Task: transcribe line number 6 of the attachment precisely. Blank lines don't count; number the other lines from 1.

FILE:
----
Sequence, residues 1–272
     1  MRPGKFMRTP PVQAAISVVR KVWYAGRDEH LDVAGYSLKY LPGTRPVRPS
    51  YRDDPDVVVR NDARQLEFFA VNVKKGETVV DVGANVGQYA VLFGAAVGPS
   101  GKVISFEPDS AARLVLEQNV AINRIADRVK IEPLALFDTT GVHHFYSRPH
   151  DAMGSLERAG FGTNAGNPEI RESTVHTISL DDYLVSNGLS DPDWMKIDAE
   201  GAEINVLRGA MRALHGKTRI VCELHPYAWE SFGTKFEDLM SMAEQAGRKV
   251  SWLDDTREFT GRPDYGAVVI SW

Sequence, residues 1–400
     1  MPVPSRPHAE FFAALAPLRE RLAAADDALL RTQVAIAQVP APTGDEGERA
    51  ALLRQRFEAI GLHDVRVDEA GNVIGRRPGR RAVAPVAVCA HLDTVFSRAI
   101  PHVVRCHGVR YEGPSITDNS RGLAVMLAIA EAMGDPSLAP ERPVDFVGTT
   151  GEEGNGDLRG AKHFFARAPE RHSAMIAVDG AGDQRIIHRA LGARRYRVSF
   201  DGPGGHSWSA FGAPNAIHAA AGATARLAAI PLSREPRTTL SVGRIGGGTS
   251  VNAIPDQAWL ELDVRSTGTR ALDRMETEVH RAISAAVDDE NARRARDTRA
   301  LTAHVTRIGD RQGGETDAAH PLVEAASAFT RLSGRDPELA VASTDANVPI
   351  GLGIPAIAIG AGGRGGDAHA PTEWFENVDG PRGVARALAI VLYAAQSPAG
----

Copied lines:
   201  GAEINVLRGA MRALHGKTRI VCELHPYAWE SFGTKFEDLM SMAEQAGRKV